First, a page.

The Don Quijote Prize is awarded to one film in the competition screening. The prize is a diploma and a plaquette in ceramics with a picture of Don Quijote, formed like a seal. Except this prize, the jury might award two Special Distinctions to films worthy to be attended. FICC's Awards should be given to quality films which meet the criteria of film societies and which have limited chances to be distributed commercially in a big number of countries.

The Don Quijote Jury attended both the International and the National competition screenings, and we felt during the week that it was a difficult task to find THE FILM among over hundred films screened. To the final jury-meeting we brought about ten titles we would like to discuss. When listed, we found that we all had one film in common: "The Gospel According to the Papuans", produced in France. This was our winner, a film which describes the situations and the cultural smashes as an unavoidable consequence when white people imposes the Christian culture and values on a culture not yet influenced by Western societies. The story is both tragic and funny, and we from the Western world have a possibility to look upon ourselves and our values, reflected by the papuans. Our statement for awarding this film was: "For courage and fine humour in registration of unusual cultural events reflecting our attitudes towards the world".

We had a discussion whether we should award the two special Distinctions or not, and we decided to give them to "The Periwig-Maker", Germany, and to "Trans-Siberia", Finland. The animated "The Periwig-Maker" is a strange story taking place in London in the mid 17th after an epidemic has broken out. "Trans-Siberia" is a story with a double journey - the exterior one taking place on the Transsiberian Railway - and the interior one reflecting of what happens to human beings in imprisonment, where one can find a new way of exist.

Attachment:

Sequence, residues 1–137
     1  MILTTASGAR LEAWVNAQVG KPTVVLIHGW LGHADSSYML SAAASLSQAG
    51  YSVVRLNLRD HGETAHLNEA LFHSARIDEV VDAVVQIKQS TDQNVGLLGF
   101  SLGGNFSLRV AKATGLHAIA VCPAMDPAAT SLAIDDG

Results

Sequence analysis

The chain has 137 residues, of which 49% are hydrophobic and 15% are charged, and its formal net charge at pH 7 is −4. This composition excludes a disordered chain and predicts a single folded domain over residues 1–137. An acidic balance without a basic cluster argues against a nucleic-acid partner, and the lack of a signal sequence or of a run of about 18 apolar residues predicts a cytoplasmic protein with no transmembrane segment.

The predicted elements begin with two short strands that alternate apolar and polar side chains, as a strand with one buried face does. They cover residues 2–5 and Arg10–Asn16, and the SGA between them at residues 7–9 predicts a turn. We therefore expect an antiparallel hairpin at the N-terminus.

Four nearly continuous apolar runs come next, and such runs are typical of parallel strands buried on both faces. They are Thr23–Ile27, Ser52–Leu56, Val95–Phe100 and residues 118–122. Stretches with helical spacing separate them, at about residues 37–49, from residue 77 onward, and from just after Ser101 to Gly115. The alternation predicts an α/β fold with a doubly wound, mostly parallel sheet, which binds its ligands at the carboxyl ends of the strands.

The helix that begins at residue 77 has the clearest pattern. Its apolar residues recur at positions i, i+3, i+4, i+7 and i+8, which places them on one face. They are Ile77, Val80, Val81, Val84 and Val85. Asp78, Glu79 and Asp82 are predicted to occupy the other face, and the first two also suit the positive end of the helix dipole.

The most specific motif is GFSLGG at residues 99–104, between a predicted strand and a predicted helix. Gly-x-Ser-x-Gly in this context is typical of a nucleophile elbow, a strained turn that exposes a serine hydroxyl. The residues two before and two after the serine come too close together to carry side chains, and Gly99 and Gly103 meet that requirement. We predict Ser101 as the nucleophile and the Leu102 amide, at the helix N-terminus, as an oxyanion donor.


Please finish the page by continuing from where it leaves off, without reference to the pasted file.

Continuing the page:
It's very interesting to experience a Swedish film from a foreign perspective. The film made by Jan Troell, "92,8 MHZ...Dršmmar i Sšder" was a good example of how important the language and the translation could be. The story is built up around the special kind of music and lyrics we in Sweden call "dansbandsmusic", music played for dancing and longing for love or enjoying love, and the words are the main message, or the core in the film. But the lyrics had not been translated, and much of the point is missing when you cannot understand the words they are singing.

"Grandfather"s Revolutions" is a documentary made by the grandchild to Adras Hegedus, Prime Minister in Hungary during the national rising in 1956, and the responsible for calling for Soviet military intervention. Over 40 years ago - how does the grandfather remember what happened? It"s a story raising hot feelings and disgust depending on if one has experience within the former Eastblock or have seen the event from outside.

History is always a question of interpretation and the history is always written from one perspective. The decisions made are always influenced by the context in which the human being is situated.

The Russian documentary "Highway" was an unforgettable story about a circus family on their way through Kazakstan in an old bus, along the endless road which connect Russia to central Asia. They find a bird of pray which they also bring into the bus.

It is a very nice experience to have had the possibility to participate in a film festival as a jury member, and to be a representative for FICC and its work. To be able to see so many films in a short period of time, to meet so many nice people and sharing the interest for film, to change perspective - this is of great value for the future work with the film societies!

Lena Hermansson, Sveriges Förenade Filmstudios, Sweden, member of the FICC Jury.